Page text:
Help needed ref Balanced Dap.
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barontan2418

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Please excuse my ignorance but totally new to balanced gear. Have just purchased a used AK240 and wish to use my Westone 50 pro IEM in its balanced output. Would I need to have a new cable made or is there an adapter on the market to allow single ended IEM to work fully balanced from the AK's balanced output. Live in hope. Thanks for reading.
 
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Roseval

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You can’t use an adapter as what they call “balanced” in the headphone world requires a 4 wire connection. If you use a common ground for L/R , you might fry your amp using the balanced output.
 
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barontan2418

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You can’t use an adapter as what they call “balanced” in the headphone world requires a 4 wire connection. If you use a common ground for L/R , you might fry your amp using the balanced output.
Thanks for that Roseval. Guess new IEM's are called for depending on how good my regulars sound. The 👍
 
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Tennstrong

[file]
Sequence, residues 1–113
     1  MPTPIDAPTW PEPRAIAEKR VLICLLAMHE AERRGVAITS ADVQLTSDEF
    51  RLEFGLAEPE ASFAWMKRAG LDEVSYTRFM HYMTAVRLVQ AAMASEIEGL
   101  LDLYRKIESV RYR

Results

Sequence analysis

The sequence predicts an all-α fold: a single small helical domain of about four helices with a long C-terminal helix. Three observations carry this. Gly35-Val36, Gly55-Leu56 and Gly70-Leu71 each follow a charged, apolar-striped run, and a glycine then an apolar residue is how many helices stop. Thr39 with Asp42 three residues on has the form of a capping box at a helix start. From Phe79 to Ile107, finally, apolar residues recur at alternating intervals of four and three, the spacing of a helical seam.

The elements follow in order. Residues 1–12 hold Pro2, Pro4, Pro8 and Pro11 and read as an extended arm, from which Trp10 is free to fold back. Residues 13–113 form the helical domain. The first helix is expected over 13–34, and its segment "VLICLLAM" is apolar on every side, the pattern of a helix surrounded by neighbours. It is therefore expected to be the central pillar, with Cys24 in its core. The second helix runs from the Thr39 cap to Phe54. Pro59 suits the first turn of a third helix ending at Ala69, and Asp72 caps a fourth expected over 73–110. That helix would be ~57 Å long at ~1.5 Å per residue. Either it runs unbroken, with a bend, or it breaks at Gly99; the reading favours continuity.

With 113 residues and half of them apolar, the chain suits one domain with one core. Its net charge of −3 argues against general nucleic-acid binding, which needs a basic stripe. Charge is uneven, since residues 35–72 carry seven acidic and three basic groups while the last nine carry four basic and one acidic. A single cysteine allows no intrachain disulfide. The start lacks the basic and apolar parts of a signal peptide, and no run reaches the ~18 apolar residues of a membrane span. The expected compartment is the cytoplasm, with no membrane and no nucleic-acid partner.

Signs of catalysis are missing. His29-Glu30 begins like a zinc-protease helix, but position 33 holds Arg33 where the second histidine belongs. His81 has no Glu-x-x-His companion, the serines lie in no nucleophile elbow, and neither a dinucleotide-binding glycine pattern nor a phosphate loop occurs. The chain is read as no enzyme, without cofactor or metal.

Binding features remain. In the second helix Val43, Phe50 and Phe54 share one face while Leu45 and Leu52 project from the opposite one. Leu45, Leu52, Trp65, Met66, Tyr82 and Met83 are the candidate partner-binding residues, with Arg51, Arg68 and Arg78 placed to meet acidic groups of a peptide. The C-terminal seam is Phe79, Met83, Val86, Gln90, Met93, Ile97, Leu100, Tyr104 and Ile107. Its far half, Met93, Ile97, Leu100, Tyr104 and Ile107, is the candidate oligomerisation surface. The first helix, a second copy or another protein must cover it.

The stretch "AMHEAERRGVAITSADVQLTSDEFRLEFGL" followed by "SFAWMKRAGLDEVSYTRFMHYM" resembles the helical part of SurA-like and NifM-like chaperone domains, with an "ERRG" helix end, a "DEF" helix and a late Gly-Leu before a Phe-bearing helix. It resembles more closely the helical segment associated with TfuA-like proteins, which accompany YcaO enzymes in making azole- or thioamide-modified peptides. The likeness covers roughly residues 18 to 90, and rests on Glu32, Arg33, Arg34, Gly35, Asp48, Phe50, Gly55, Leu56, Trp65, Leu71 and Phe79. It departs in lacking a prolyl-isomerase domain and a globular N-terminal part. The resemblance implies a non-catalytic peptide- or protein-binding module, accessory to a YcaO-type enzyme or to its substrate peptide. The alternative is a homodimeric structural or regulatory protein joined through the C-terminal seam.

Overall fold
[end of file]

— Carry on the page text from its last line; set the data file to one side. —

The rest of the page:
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You can’t use an adapter as what they call “balanced” in the headphone world requires a 4 wire connection. If you use a common ground for L/R , you might fry your amp using the balanced output.
Could you elaborate please? This is my current confusion as well- so the issue is in using a 3.5mm -> XLR? Was debating the Erish if all I needed was to make my own cables since I prefer XLR anyway, but as far as I know there are not separated grounds in a 3.5mm jack. (Would be thinking about using a pair of T50rp with a 3 pole 3.5mm to a 4 pin XLR) Part of my confusion is from the people saying 'well it's just the connector' in articles, but others seem to agree it would theoretically fry the amp.

Edit: shoot I might've gotten this backwards looking back at the comment you made, but I frankly don't know so I'll leave this here
 
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Roseval

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Normally you have 3 wires, TRS (Tip, Ring, Sleeve) so a common ground.
Lets change this to TRRS, basically the same as we connect our speakers to an amp.
Maybe we reduce crosstalk a little but I don’t think we gain much.
Note that nobody calls the way we connect our speakers to an amp “balanced”.
Small wonder as there is nothing balanced about this connection.

The question is what is happening inside the amp.
If both amps ( yes, 2 as it is stereo) have a common ground, we probably wasted out money by buying that expensive third party “balanced” cord.